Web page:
Even though he is only 26 years old, Spencer Jo Burgess exudes an aura of someone with much more life experience. Maybe it’s his taste for single malt whiskeys. Maybe it’s his ability to take roots and folk standards and make them into something that at once straddles the wisdom-weary icons of yore and a more modern, youthful exuberance, where the world is still an oyster waiting to be shucked. Or maybe it’s because, even at his relatively ripe age, he talks with a sort of self-awareness that is usually the product of a couple more laps around the sun and a couple more bumps on the head.
“Here’s how I stand as a 26-year old man: I have no training in anything. I don’t know how to do anything, except music,” he candidly reveals on the patio of the Ship & Anchor. Ship Regulars revel around us for their party in the midday sun, girls swirling their drinks and sundresses, the boisterous chatter of the truly day-drunk buzzing happily over day tripping cruisers on the street behind us. At first, it might seem like he’s just selling himself short, chasing the dream like any other young musician. But his pedigree betrays him: already, he has a handful of releases under his belt, from the folk punk stylings of Rum Runner, to the age-old, now-anonymous, folk standards released under his Kitchen Chorus project, and now including his most current release, a split 10″ of sorts, on which he plays with both the River Ramble and Mountain Jack. “I should be banking on it. The idea is that I could do this enough… I could live on what I’m doing, I could live on music.”
To be sure, for all his external confidence, Burgess never lets the reality of the situation hide too far behind the excitement of a burgeoning and increasingly sustainable music career. Above all, he is prepared for the long road ahead. “If I could just make a living at what I do — it’s hard work — that would be good for me,” he states, resolutely.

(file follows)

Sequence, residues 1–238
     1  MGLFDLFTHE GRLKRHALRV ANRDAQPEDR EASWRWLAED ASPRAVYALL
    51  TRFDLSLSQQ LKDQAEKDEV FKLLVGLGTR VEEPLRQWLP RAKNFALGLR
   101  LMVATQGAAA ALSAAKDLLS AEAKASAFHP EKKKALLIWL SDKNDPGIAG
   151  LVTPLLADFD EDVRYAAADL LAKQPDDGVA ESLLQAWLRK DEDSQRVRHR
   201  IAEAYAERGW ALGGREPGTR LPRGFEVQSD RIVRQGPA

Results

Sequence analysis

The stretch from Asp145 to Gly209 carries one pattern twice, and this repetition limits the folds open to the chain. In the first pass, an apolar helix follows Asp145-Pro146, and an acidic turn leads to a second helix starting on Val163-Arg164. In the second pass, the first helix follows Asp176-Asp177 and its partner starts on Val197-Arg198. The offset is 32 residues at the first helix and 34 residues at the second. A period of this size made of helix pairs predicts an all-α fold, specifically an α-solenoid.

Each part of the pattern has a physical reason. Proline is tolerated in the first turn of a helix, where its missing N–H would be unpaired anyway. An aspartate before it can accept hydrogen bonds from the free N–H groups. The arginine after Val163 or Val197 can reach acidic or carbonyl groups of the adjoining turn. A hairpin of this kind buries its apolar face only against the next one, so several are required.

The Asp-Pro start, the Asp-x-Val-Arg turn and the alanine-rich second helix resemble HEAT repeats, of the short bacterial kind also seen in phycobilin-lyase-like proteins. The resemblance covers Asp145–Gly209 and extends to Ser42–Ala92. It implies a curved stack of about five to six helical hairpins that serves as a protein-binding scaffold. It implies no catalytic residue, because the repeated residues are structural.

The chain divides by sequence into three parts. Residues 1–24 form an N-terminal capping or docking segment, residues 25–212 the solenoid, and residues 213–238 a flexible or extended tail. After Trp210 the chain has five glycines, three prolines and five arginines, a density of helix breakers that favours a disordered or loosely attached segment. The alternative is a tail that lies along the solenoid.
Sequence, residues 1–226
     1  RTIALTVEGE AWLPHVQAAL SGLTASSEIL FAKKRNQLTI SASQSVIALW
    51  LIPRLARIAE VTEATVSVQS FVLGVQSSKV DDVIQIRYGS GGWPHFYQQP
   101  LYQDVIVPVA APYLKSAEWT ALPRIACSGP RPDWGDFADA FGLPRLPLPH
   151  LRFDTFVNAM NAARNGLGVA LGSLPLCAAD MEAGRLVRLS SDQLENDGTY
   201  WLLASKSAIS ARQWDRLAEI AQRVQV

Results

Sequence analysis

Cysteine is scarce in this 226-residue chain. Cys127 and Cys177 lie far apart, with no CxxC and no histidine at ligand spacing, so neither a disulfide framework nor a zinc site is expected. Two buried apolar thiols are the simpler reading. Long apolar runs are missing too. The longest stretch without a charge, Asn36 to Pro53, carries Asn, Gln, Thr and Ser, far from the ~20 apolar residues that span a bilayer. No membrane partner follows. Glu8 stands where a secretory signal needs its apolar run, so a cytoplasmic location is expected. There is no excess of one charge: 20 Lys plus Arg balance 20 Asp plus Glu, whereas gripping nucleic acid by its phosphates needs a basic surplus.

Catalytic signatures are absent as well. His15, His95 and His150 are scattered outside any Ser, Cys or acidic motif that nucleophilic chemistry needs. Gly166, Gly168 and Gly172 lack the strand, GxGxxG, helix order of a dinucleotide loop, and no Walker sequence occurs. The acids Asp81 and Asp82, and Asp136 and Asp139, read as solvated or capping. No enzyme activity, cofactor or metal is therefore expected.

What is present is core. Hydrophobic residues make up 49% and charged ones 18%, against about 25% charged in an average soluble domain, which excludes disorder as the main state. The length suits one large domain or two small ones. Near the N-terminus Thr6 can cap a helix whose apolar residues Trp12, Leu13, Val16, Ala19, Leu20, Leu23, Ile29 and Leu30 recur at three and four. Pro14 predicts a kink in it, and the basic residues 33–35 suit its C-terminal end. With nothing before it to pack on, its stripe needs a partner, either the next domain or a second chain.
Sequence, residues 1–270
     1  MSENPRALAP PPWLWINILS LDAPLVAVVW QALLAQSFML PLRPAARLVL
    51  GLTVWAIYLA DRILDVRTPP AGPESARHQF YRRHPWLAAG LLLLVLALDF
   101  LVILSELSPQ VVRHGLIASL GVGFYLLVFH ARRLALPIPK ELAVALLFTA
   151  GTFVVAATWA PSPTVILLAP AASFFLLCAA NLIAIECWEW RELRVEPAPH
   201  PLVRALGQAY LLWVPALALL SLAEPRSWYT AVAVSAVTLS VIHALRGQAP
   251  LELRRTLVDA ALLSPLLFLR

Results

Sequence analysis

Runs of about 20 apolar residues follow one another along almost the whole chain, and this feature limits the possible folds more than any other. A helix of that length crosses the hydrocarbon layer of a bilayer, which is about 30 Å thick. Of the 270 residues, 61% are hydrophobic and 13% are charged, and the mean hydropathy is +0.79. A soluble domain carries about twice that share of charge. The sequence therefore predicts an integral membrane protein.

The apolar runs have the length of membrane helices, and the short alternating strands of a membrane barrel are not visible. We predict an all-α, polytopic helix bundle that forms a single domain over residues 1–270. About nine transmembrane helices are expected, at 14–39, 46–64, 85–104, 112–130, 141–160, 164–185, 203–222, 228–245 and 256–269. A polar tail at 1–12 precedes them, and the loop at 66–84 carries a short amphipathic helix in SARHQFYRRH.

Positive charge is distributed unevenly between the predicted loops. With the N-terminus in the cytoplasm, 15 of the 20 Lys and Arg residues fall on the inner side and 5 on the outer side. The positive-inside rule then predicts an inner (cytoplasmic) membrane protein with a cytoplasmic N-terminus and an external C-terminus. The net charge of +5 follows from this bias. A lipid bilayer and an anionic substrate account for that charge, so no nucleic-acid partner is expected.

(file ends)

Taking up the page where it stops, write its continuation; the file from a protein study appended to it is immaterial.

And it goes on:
Burgess is fresh off his longest tour yet, a five-week cross-Canada road trip in support of the 10″ that took him and the River Ramble as far east as Halifax. Though this is certainly not his first time on the road — he turned 20, for instance, in London, Ont., while on tour with Rum Runner — it was indeed the first time in which he was the leader of the troupe, a responsibility he shouldered with pride.
“It was different because I had a role to play… With Rum Runner, I was kind of along for the ride, I was young. This time, while Fire Next Time (the band with whom they toured) had a rapport with the people at every place we played, I was still representing myself. I had a role and I like to think I played it pretty well. It was nice to have a bit more responsibility on tour.”
Time and time again, this theme comes up: Burgess is no longer a punk kid just getting by, but a man almost full-grown. It’s a transition that happened gradually, but one that he welcomes whole-heartedly. In his mind, becoming a man and shouldering the responsibilities and realities a career in music demands comes hand-in-hand with making a living off music.
“In Canada and the Western world, we have this incredible luxury of not having to grow up,” he explains. “So, I just pushed it for as long as I could. The tour with Rum Runner when I turned 20 opened my eyes to it. Shortly after, we toured Europe and that put me in touch with myself. Over the next couple of years, I decided that it was time to stop fucking around.
“I think I’m just discovering it now… and there’s still some growing up I can do. But, at least, now I’m conscious of it.”
Spencer Jo & the River Ramble will release their 10″ at the Palomino (Calgary) on October 26 and at Brixx (Edmonton) on October 27.
By Sebastian Buzzalino